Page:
Antoine Fuqua And Summit Are Storming Las Vegas With Violent Crime And Robbery
You know what would have made the Ocean's Eleven films even better? Excessive, bloody violence, preferably firefights that kill two mall security guards. Wait, you didn't want to see George Clooney's awesome suits splattered in blood? Yeah, me neither. But a more violent, and actually true, version of Ocean's Eleven seems to be coming our way anyway. Deadline reports that Summit has teamed up with Antoine Fuqua to direct Storming Las Vegas, an adaptation of John Huddy's book with this mouthful of a title: Storming Las Vegas: How a Cuban-Born, Soviet-Trained Commando Took Down The Strip to the Tune of Five World Class Hotels, Three Armored Cars, and Millions of Dollars. I'll give you a minute to catch your breath.
The true story, which is exactly what it sounds like and then some, is actually pretty fascinating. Jose Vigoa used his experience fighting for the Soviet military in Angola and Afghanistan to take Vegas for everything it had in the mid 90s, a violent and successful thief striking right at the time the city was trying to clean up its image and appeal to families. According to the Deadline story the central conflict in the film won't be us rooting for Vigoa's success, but a kind of cat and mouse game between him and a 23-year police veteran, charged with tracking down Vigoa without letting his exploits make national headlines. During his 16-month crime spree Vigoa and his team of criminals robbed a series of Brinks trucks and casinos, despite the fact that their first robbery effort ended when one of the getaway drivers forgot to put the car in park and allowed the vehicle to roll away down the hill.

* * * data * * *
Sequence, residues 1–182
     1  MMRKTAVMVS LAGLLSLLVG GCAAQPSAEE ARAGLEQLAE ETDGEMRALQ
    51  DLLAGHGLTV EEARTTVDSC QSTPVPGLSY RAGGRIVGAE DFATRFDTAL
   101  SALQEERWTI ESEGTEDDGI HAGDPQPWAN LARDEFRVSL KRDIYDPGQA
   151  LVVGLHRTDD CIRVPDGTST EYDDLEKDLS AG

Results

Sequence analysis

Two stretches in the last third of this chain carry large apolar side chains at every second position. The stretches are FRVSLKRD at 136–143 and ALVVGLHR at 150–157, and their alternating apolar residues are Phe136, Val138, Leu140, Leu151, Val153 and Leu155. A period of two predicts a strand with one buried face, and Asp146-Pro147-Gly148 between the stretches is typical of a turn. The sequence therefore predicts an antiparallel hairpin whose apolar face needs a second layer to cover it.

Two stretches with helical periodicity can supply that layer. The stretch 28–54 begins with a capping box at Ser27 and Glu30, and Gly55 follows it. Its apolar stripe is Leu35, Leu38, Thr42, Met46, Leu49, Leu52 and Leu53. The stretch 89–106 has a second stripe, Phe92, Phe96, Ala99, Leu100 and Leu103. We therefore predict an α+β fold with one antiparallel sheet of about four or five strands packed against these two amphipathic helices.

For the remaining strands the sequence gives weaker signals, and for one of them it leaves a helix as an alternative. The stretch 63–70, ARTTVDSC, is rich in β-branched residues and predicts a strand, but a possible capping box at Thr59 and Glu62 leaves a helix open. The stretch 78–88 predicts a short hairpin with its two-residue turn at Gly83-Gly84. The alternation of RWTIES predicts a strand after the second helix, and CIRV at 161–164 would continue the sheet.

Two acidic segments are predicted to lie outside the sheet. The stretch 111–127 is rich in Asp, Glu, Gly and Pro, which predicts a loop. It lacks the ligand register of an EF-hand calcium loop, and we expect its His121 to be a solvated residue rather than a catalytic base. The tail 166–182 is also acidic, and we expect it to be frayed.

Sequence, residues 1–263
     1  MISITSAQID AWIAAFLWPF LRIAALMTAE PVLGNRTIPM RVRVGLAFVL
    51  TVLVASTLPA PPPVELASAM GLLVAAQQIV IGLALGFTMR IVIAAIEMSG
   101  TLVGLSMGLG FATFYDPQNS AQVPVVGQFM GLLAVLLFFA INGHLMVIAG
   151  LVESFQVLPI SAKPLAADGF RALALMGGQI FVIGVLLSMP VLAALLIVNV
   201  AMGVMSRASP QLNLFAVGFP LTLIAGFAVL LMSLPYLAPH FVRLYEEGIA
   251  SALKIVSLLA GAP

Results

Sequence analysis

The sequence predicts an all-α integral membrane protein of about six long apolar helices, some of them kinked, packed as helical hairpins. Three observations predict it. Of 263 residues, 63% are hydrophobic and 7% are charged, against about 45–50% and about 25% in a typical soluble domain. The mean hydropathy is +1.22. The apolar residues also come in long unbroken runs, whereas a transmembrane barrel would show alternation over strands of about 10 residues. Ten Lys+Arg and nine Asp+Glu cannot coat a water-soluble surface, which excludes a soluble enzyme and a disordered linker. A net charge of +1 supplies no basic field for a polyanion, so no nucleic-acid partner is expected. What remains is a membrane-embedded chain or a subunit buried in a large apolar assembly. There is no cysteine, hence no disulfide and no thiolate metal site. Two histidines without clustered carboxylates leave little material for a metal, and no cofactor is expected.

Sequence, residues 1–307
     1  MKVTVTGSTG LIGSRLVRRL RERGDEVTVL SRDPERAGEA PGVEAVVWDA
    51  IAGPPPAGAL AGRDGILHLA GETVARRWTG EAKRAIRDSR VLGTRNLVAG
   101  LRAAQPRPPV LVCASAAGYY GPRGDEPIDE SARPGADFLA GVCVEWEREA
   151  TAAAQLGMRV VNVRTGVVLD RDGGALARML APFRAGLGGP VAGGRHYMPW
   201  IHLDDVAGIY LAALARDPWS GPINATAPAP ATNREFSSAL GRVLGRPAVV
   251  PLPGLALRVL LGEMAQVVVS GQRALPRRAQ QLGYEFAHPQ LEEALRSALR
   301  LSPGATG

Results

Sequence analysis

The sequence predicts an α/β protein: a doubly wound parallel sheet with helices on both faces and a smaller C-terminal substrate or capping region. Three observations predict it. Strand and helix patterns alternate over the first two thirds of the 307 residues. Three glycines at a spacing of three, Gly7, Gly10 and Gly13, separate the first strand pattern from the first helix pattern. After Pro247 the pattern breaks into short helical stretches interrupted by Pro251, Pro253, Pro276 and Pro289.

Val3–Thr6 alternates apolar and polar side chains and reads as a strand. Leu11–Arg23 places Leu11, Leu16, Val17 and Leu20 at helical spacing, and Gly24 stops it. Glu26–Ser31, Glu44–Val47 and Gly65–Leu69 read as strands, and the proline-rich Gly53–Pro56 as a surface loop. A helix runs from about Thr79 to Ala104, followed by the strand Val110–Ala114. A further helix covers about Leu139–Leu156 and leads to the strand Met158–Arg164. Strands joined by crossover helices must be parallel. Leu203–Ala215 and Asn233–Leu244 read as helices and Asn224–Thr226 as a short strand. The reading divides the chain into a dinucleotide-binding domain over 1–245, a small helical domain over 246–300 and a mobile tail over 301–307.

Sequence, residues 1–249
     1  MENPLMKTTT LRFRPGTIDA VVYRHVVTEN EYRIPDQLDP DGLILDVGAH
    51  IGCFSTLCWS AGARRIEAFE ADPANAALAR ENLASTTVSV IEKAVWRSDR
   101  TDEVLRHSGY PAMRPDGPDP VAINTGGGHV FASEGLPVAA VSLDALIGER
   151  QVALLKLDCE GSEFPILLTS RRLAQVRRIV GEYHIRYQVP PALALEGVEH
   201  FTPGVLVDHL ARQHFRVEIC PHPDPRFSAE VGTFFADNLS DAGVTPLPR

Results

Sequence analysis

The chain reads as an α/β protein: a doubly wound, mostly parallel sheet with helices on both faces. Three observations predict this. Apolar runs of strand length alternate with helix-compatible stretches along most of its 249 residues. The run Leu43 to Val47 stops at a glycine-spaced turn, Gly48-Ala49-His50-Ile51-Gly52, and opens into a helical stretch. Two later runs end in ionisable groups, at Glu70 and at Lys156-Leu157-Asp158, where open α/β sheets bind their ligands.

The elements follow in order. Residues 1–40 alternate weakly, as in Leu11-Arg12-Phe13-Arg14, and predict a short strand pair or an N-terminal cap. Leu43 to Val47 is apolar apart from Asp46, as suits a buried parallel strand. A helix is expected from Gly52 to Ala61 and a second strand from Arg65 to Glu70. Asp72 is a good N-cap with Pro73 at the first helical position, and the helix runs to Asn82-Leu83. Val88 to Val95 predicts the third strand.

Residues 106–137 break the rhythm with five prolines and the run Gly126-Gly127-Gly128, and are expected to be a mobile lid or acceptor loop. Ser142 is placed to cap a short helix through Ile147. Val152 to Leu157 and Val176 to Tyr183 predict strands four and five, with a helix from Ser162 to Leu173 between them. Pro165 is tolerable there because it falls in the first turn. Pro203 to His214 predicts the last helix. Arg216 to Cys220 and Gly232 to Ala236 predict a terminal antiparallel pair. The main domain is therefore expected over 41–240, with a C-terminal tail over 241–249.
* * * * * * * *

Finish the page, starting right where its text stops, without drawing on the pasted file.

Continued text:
It does sound like a fascinating story, and you can't blame Summit both for picking up on an intriguing real-life premise and attaching a director like Fuqua, the Training Day and Brooklyn's Finest director who gets cops and criminals like few others. But are we really ready to return to Vegas robbery sprees with the Ocean's Eleven movies not that far behind us? Given that Fuqua's got other projects on the table and there's not even a script for this in the works yet, it may be so long before we see this that Ocean's is a distant memory by then anyway.
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